Golf and Climate Change

My column for the Washington County Daily News is online. Here you go:

Next week the U.S. Open Championship, one of the world’s marquee golf events, will come to Wisconsin for the first time in history at the Erin Hills golf course in scenic Washington County. The weeklong golf extravaganza is expected to bring thousands of visitors and have an estimated economic impact of $130 million. Wisconsin has officially become a golf destination.

Erin Hills is 652 acres of gorgeous pristine land that was scraped into the elegant curves, peaks, and valleys that distinguish the area known as the Kettle Moraine. The towering nearby Holy Hill will sentinel the visitors and the innumerable pockets of shade will provide a welcome respite from the warm (I hope) sun. Wisconsin welcomes the U.S. Open, but the inescapable fact is that this would never have happened had it not been for global warming.

The area we know as the Kettle Moraine is said to have been formed during the last Ice Age when a vast sheet of ice covered Wisconsin as far south as Walworth County. As the earth warmed, the ice melted and scampered back into Canada leaving behind a Wisconsin landscape teeming with biodiversity and sculpted into regions perfect for farming, fishing, and yes, golfing.

The mania over the United States’ withdrawal from the Paris Climate Accord indicates that some folks are no longer capable of having a rational discussion regarding climate change, what it means, and the costs and benefits of various public policy options regarding climate change. Various factions have galvanized into reactive shock troops that are divorced from reason and defend their positions with the religious fanaticism of David Koresh.

Let us start with the basics. The earth’s climate changes. It always has. It always will. It changes because of many forces at play including the sun’s activity, volcanic eruptions, celestial collisions, and the activity of organisms on it. The approximately seven billion humans on earth are part of the picture — particularly with our capacity to manipulate our surroundings to our benefit. It is common sense that the climate is changing and that human activity has an impact on that change.

The next question we need to answer is how is the climate changing? Many climatologists argue that the climate is warming and will continue to do so. Much of that research is in doubt because of numerable reports of fraud, manipulated data, and the fact that much of that research is funded by governments and people with a vested interest in reaching that conclusion (always follow the money). It is also worth noting that the global warming adherents have been almost universally wrong when making predictions.

But given that the climate is changing, there is some chance that it is getting warmer. Let us stipulate to that probability and move on to the next question, is it good or bad that the climate might be warming?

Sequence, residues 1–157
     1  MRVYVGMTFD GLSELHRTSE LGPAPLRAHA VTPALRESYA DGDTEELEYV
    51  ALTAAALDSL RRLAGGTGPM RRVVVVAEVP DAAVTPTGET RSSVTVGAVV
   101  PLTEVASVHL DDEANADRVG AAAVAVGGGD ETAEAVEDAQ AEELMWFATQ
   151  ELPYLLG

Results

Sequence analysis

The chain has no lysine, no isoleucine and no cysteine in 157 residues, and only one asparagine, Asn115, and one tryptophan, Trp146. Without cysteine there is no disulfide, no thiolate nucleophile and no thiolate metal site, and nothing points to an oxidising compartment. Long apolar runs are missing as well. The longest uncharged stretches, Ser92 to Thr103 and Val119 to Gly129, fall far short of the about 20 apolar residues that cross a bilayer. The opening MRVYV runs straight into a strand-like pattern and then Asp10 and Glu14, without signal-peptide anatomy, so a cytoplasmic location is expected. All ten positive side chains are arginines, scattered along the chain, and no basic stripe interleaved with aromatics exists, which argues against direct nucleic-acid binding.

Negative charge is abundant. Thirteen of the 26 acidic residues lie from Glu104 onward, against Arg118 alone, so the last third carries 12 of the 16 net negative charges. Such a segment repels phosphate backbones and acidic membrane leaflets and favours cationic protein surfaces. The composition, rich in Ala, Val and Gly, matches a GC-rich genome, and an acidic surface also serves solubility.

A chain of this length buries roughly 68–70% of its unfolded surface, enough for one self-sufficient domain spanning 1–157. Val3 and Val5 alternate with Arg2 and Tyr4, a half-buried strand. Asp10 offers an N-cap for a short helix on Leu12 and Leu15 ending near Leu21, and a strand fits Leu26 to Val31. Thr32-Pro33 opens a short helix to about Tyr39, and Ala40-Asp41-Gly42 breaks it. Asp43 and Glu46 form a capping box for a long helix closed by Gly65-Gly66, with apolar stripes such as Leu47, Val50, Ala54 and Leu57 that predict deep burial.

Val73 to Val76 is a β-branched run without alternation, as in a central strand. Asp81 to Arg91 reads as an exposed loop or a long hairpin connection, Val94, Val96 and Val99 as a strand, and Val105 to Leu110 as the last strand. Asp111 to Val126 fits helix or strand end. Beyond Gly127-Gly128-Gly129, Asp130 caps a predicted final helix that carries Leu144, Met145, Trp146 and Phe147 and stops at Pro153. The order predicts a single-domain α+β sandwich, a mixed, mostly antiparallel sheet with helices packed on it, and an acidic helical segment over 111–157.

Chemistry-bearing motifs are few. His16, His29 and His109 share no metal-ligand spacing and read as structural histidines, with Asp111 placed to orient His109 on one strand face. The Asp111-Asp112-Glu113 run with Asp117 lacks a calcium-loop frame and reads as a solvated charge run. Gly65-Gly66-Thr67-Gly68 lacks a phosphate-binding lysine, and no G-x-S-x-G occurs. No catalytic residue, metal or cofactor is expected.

The answer to that question depends on one’s frame of reference and perspective. Any change has positive and negative consequences and climate change is not any different. If the globe warms significantly, scientists predict that many islands will be submerged and coastal areas flooded as the oceans rise. Conversely, vast areas of tundra in Russia and Canada that are now locked in permafrost would melt and become farmable, thus helping provide jobs and food for billions of humans. There are undoubtedly millions of additional consequences if the globe warms, but nobody can categorically predict whether the net effect of those consequences would be good or bad.

So if the globe might be warming and that might be a bad thing, what public policies should we enact to “combat” it? And at what cost? Therein lies the rub. There is broad agreement in America, if not yet in other nations, that we want to take reasonable measures to make our environment as clean and sustainable as possible. We are even willing to pay more and sacrifice some comforts to achieve those ends. We want that not really because of anything to do with climate change, but because we do not want to breathe toxins, spread diseases, or drink unclean water.

What we do not all agree upon is that we should surrender our way of life and cripple our economy in order to combat the possibility that the earth may be warming and that might be a bad thing. Humans have proven tremendously adaptable and are capable of weathering moderate changes in climate. Simply put, the cost of the Paris Climate Accord was too high for the perceived benefits rendered. President Trump was right to pull out of the deal, and the baying of foreign liberals has far more to do with the fact that they will not be able to fleece American tax payers (always follow the money) than it does with how warm the earth might be in the year 2200.

After golfers from all over the world come to Wisconsin to enjoy the beautiful landscapes and lush foliage of the Kettle Moraine, let us hope that some of them return to their homes thankful for the warming planet that made it all possible.